One of the most interesting themes on ancient Greek coins is that of an “ithyphallic” (sexually aroused) Satyr running off with a Nymph in his arms. These coins were made famous by the island of Thasos, who copied them from the issues of several Macedonian clans. The Orreskioi, Zaielioi, Pernaioi, Dionysioi and Laiai were all tribes that occupied the area of northern Greece called Macedonia. From around 550 – 480 B.C. they issued a series of coins that depicted Centaurs and Satyrs carrying off Nymphs. The depiction of the Satyrs and Centaurs often varies, but the pose of the Nymph is nearly identical from coin to coin: a Nymph in a long chiton is held by a Satyr with one arm around her knees and the other around her back, just above the waist. The Nymph has her left arm hanging down and her right arm raised up, with the hand in an open position. On some of these coins the Nymph is smiling or has a neutral expression, while on others her face shows clear signs of distress. The latter gives rise to the common description of the Satyr abducting the Nymph, who holds her hand up in protest.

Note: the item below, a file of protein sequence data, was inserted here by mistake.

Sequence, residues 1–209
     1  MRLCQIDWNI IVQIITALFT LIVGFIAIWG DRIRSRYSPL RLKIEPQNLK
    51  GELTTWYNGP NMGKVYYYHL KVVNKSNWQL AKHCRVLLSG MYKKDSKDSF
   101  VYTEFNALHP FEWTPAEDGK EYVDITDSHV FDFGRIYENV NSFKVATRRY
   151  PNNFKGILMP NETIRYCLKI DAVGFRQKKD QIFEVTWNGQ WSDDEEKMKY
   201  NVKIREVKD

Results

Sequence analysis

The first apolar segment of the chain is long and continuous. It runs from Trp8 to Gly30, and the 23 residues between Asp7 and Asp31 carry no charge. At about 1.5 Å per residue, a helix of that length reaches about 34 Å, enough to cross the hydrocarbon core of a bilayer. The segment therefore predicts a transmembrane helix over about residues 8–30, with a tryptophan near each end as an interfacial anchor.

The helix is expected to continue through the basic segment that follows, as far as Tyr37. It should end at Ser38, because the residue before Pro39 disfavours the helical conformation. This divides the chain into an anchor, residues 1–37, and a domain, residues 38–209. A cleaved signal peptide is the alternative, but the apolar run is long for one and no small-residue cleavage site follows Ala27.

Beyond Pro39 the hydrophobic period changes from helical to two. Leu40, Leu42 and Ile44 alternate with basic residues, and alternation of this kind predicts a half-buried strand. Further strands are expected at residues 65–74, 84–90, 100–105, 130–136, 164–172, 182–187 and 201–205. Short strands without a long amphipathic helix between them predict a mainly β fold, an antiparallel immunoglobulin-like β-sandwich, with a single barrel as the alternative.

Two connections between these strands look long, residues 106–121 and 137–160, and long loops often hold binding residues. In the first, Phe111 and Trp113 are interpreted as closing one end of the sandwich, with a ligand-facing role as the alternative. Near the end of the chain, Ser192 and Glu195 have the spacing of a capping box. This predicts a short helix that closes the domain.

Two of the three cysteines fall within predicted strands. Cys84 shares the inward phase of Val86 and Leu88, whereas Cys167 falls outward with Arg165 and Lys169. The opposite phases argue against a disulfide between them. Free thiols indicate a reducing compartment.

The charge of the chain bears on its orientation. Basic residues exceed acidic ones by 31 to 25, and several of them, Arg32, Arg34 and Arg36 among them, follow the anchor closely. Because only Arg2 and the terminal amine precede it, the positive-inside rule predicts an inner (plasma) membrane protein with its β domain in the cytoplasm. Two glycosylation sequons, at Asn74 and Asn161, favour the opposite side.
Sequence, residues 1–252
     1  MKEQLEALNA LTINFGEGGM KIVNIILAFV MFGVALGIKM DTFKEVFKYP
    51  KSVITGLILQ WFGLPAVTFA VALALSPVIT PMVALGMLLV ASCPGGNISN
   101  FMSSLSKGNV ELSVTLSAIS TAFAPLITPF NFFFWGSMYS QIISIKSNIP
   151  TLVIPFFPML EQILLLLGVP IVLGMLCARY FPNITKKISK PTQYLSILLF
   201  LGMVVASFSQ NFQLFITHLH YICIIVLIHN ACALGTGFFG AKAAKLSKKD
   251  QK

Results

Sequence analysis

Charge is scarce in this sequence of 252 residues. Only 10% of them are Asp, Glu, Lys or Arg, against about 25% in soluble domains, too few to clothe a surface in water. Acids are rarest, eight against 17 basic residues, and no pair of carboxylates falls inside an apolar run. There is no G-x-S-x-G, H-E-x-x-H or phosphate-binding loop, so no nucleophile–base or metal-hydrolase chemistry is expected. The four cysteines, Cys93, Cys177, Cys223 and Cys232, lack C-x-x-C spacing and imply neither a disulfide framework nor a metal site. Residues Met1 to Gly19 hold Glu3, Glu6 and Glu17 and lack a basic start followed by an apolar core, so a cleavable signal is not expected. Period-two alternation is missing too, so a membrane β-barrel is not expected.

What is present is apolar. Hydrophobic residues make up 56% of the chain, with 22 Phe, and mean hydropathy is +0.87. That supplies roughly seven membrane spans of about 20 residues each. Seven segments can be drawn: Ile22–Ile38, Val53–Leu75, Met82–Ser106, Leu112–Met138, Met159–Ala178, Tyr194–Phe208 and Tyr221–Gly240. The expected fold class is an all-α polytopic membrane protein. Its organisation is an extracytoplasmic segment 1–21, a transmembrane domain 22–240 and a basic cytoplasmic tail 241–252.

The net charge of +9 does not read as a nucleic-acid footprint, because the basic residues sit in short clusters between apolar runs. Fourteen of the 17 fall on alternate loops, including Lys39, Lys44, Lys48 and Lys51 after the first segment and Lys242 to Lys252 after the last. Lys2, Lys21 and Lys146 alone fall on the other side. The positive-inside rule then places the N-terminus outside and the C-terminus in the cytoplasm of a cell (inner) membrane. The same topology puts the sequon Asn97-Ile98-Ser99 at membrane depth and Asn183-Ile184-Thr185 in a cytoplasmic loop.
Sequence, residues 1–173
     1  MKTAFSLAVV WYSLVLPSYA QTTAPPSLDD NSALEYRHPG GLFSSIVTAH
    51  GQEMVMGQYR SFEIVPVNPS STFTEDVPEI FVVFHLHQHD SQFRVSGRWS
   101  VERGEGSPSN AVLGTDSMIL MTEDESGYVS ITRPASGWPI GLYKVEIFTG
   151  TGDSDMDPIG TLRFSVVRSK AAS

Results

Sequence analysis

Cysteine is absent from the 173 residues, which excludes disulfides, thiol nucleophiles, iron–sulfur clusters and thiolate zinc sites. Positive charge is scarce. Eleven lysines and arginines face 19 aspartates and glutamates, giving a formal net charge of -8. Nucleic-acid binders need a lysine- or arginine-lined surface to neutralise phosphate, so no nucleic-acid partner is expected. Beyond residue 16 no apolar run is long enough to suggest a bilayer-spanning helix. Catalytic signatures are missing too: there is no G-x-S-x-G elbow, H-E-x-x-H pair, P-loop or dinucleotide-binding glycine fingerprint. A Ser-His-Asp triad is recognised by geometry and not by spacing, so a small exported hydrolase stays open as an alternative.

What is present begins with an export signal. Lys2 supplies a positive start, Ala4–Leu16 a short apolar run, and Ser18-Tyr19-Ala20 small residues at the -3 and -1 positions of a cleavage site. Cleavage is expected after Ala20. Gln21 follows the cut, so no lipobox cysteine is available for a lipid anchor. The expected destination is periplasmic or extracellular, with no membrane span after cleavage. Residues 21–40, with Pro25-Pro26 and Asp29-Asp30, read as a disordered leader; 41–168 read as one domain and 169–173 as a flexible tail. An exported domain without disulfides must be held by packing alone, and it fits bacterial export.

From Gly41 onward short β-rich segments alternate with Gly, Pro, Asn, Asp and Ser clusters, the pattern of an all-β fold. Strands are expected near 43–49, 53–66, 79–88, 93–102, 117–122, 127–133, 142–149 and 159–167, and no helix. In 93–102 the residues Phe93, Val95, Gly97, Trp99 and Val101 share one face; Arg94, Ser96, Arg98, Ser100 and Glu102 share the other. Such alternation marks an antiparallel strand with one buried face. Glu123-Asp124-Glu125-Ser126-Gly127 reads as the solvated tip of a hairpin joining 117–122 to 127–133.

Bearded centaur galloping to right, carrying off a struggling woman or nymph clad in a light chiton
Quadripartite incuse square
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